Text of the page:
I believe that there has never been a better time for MUDs to make a comeback. Actually, I believe that this is already happening, although they will of course always stay a niche genre.
Looking at mmorpg.com for example – probably the biggest mmo forum around - the increase in threads about MUDs lately is quite striking. Talking to fellow mmo players, I often hear that they are interested in trying them out, but don’t know where to start.
For those of you that have no idea what I’m talking about: a MUD is just like an MMO, but instead of graphics, there’s only text. In fact, the first MMOs were called graphical MUDs, as they are basically the same type of games, but with a layer of graphics on top.
The first MUD was created in 1979. That’s a long time ago. Hell, I wasn’t even born then. Nowadays, you hardly hear about them anymore, but they still exist and lots of people are still playing them. One problem – and at the same time this is also an advantage - with MUDs is that it’s really easy to start and run your own MUD. This means that the playerbase is very dispersed: there are literally hundreds of MUDs available, but most of them only have a handful of players.
You might ask: why would I be interested in playing a text-based game, if there are also hundreds of shiny sparkly MMOs to play? Well, playing without graphics also has its advantages. For starters, since MMOs are so much more complex to make, some systems are just too difficult to implement, or take too much time to implement. While an MMO dev would work a year on an MMO with just combat, questing and crafting, a MUD dev could implement at least 10 times as much features in that amount of time. In addition to that, the setting in MUDs is often much more creative and imaginative, because it doesn’t need to be translated into graphics.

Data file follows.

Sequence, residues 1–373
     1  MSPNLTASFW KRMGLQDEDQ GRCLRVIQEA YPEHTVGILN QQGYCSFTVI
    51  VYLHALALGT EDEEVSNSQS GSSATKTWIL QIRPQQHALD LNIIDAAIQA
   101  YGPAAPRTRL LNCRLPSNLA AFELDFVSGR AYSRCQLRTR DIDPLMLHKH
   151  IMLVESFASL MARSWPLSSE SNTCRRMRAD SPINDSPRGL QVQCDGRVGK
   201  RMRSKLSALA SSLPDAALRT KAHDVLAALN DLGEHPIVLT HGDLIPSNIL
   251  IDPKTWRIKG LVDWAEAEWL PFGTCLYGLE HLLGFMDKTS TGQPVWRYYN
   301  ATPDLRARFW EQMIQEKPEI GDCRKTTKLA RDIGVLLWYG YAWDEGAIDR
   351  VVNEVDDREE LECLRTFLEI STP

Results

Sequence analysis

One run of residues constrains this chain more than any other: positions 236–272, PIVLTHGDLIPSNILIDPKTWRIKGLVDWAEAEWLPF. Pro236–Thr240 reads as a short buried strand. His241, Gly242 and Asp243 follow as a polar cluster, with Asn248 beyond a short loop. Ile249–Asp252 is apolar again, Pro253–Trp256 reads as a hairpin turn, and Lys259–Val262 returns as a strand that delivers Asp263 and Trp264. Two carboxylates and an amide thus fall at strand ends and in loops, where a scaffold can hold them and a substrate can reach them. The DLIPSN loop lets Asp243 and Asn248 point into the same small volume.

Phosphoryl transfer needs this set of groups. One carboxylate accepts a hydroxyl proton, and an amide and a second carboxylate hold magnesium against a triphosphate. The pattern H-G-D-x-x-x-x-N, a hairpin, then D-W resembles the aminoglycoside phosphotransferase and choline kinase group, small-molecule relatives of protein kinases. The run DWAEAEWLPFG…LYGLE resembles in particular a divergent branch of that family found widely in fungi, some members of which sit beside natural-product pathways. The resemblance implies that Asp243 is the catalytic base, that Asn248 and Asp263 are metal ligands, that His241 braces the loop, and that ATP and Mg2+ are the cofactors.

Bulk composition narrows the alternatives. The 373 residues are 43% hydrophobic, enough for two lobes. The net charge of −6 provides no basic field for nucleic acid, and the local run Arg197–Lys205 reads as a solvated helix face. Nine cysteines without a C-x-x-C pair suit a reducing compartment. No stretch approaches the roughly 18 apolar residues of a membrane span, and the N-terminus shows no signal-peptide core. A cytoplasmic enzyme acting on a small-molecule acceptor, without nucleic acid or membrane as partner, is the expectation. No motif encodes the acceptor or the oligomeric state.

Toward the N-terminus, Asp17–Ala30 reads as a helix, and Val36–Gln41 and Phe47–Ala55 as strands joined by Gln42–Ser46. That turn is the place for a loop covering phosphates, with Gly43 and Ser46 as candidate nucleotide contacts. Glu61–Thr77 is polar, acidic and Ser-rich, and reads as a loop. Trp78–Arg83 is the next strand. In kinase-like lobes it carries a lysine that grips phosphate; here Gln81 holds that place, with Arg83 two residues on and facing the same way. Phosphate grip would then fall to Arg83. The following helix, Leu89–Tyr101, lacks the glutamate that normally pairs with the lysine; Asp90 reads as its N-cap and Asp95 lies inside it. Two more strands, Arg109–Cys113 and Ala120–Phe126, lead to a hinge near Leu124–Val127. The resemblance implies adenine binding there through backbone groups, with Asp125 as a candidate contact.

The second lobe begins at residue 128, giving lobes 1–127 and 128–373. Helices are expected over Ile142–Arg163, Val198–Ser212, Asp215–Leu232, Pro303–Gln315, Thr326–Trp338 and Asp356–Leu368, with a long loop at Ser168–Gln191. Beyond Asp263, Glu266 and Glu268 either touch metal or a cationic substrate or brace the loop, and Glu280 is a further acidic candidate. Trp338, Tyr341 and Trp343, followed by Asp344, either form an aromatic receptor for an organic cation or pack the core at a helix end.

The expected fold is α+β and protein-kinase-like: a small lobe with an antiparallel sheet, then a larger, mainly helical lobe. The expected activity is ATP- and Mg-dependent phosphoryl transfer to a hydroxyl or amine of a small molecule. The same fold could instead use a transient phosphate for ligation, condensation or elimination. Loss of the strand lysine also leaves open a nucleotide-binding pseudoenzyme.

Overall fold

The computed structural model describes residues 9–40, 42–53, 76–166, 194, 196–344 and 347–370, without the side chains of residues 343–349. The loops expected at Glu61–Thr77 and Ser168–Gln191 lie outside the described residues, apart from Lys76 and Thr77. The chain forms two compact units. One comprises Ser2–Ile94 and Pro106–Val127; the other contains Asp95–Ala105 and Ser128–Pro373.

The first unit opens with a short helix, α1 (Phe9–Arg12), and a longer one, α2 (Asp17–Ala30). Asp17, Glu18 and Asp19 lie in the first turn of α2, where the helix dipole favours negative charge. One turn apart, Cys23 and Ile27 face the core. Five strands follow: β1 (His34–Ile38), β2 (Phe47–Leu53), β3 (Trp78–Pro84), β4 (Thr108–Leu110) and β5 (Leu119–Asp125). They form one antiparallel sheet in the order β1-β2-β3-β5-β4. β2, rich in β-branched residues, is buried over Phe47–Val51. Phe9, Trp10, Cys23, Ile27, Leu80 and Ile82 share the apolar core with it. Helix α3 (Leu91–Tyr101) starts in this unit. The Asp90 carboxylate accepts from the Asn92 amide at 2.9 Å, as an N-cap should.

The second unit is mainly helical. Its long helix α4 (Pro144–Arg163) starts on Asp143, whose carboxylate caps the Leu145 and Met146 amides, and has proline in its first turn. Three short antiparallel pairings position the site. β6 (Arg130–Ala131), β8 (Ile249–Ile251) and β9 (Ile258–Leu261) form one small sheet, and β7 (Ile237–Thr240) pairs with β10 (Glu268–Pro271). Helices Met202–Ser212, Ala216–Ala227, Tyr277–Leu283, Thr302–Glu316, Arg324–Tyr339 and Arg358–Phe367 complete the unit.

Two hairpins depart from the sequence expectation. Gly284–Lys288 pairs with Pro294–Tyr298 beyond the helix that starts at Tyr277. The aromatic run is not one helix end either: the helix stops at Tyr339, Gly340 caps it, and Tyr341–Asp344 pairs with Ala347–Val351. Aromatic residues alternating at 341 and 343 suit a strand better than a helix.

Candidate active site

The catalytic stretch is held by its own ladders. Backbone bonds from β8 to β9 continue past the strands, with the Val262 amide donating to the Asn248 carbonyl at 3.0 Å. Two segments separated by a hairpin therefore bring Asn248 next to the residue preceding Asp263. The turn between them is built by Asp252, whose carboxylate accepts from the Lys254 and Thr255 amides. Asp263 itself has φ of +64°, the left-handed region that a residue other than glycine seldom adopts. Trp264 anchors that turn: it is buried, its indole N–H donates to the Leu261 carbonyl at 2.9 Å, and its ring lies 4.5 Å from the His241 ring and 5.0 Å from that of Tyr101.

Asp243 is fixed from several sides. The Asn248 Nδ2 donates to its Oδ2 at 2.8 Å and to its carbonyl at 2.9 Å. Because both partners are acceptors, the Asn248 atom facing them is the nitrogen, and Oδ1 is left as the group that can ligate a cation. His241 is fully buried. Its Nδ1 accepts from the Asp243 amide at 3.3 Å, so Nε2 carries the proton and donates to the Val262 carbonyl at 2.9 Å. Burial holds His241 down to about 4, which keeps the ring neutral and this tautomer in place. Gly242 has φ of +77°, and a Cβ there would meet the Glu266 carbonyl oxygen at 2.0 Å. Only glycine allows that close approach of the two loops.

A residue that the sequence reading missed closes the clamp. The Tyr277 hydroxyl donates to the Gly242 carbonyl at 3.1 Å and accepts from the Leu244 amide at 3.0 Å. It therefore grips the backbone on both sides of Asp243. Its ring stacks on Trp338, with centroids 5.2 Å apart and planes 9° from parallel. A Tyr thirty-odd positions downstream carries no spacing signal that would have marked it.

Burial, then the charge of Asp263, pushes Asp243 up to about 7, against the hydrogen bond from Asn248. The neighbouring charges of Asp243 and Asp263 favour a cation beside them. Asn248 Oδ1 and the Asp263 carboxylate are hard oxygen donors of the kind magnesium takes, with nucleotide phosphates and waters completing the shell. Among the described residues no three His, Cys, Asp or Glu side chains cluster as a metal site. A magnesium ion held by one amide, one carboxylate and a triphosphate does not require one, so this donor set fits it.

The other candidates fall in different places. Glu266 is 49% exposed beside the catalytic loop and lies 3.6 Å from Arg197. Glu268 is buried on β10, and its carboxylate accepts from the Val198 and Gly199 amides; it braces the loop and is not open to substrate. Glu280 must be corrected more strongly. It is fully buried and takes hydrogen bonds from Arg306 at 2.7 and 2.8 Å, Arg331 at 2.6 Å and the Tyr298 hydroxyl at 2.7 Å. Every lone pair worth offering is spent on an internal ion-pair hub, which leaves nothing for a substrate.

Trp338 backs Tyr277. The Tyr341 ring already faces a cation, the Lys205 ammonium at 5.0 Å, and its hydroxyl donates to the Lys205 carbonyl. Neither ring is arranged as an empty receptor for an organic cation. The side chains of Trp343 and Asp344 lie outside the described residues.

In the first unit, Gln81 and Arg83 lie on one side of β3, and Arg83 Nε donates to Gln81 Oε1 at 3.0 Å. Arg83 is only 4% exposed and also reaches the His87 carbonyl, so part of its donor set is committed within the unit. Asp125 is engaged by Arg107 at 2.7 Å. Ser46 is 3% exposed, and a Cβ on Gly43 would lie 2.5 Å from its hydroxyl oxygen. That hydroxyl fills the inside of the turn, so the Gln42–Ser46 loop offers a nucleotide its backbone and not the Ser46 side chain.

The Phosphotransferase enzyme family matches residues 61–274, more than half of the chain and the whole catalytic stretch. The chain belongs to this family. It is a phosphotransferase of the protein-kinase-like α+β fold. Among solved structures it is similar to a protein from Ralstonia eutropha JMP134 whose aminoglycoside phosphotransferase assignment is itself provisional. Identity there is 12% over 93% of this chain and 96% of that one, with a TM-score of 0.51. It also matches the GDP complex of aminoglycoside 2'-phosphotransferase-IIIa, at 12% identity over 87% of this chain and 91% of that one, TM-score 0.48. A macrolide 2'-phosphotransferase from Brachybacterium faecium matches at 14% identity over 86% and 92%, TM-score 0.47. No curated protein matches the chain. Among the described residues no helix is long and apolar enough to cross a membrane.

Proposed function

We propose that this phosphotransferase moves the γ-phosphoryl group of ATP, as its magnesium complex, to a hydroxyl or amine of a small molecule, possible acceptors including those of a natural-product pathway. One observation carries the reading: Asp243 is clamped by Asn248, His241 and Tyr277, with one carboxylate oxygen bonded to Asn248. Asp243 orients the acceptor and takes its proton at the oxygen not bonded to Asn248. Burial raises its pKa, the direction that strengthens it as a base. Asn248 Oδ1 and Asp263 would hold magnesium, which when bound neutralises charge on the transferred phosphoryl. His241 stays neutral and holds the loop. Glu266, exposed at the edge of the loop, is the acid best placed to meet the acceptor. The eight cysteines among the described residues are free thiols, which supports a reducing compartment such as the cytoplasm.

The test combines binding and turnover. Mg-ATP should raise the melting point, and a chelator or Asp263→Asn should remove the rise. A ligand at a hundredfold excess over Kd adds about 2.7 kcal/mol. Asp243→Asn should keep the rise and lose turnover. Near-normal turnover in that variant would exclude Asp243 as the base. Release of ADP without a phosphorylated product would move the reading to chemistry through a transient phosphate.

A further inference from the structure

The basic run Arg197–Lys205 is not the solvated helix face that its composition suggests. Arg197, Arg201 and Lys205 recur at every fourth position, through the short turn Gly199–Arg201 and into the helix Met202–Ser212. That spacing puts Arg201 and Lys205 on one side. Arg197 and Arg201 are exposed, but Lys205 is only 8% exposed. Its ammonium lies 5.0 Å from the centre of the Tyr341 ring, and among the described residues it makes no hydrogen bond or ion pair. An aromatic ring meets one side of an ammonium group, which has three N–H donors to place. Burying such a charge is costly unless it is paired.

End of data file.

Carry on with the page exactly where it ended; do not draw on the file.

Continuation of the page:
So if you’re interested in trying a MUD, but don’t really know where to start, here’s a little guide:
There are a couple of websites worth checking out if you’re looking for a MUD. On TopMudSites and TheMudConnector, you’ll find databases with hundreds of MUDs. If you’re looking for a MUD that has a fairly large playerbase, have a look at Mudstats. This website will give you a list of MUDs, sorted on number of players online.
- Since there are so many MUDs available, think about which kind of game you would like to play:
Setting: do you like fantasy or sci-fi? Would you like a MUD with multiple themes? Do you want to play as a hobbit in Middle Earth? As Jedi on Alderaan? As a Final Fantasy character? Or as a knight in Medieval Europe? There are MUDs based on any theme or IP possible. (Yes, there are also “naughty” MUDs. In case you were wondering about those, I haven’t tried any of them.)
Do you prefer a MUD with a focus on combat? On crafting and trading? On roleplay? The listings on TMS and TMC will tell you more about what a game focuses on. Same goes for features: do you like doing quests or do you prefer a more sandboxy environment? Do you want to run dungeons? Or solve puzzles? You can also look at the codebase: DIKUmud games for example will most likely be purely hask&slash, while LPMud games will tend more towards roleplaying.
Did you decide on a game to check out? Great, then you’ll need a MUD client: an application that allows you to connect to it. You can use a basic Telnet client, but there are some good free clients our there with a lot of possibilities, such as Mushclient for Windows, Blowtorch for Android, Pocket Mud for iPhone/iPad and TinTin++ for Mac OSX and Linux. You could also try a game that has its own client, as those often offer built-in maps and character sheets. On TMS, you can search for MUDs that have their own client.
Now that you have a client, all you have to do is connect to the MUD and start playing. To connect to a MUD, you’ll need the address and the port. You’ll find those on the website of the game, or on TMC/TMS.